His tail sways like a cedar; the sinews of his thighs are close-knit.
His bones are tubes of bronze, his limbs like rods of iron.

His back has rows of shields tightly sealed together;
each is so close to the next that no air can pass between.
They are joined fast to one another; they cling together and cannot be parted.
His snorting throws out flashes of light; his eyes are like the rays of dawn.
Firebrands stream from his mouth; sparks of fire shoot out.
Smoke pours from his nostrils as from a boiling pot over a fire of reeds.
His breath sets coals ablaze, and flames dart from his mouth.

His undersides are jagged potsherds, leaving a trail in the mud like a threshing sledge.
He makes the depths churn like a boiling cauldron and stirs up the sea like a pot of ointment.
Behind him he leaves a glistening wake; one would think the deep had white hair.


If animals were made just before humans, and if mans sin affected the whole of nature, so that only then did they begin to hunt and eat each other, just as thorns began to grow out of the ground, (which to me makes theological sense and is strongly implied in the Bible), then what we call dinosaurs must have co-existed with us. All of this points to natural history being short, and perhaps the earth being young.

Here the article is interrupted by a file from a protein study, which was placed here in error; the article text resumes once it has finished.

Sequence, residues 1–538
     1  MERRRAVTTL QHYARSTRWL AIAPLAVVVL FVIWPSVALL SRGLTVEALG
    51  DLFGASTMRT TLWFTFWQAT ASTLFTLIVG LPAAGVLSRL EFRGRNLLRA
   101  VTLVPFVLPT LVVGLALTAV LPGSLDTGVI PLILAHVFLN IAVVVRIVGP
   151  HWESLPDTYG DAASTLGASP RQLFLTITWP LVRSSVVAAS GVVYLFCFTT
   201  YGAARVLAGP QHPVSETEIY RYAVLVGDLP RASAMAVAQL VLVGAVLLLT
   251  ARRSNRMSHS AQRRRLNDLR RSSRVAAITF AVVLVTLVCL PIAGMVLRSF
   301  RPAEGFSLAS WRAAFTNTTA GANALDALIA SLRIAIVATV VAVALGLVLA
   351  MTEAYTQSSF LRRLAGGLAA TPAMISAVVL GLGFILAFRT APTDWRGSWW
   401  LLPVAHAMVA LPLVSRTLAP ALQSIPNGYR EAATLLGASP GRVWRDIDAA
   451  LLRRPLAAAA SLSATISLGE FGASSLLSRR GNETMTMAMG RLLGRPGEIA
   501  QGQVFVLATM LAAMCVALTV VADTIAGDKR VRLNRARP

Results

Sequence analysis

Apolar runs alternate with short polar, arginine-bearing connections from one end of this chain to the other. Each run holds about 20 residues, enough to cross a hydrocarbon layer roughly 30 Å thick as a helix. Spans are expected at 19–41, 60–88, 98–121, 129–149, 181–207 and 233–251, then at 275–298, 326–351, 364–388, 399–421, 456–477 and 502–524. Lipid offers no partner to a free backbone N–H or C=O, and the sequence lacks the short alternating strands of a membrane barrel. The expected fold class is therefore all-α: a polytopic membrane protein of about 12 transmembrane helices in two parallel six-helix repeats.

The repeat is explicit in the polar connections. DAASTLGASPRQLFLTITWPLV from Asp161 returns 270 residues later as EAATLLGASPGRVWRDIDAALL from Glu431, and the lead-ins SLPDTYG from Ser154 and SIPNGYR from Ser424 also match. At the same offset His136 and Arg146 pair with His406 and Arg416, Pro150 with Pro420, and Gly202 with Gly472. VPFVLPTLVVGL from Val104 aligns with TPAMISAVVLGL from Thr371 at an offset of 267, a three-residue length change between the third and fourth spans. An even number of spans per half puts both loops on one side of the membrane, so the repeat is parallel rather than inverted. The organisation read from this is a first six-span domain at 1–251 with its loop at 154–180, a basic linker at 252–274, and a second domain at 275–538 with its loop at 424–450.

McM :eugeek:

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Re: Walking with Dinosaurs

#5

Post by Ngakunui » Sun Jan 10, 2010 3:58 am

McMurdo wrote:
Look at the behemoth, which I made along with you and which feeds on grass like an ox.
What strength he has in his loins, what power in the muscles of his belly!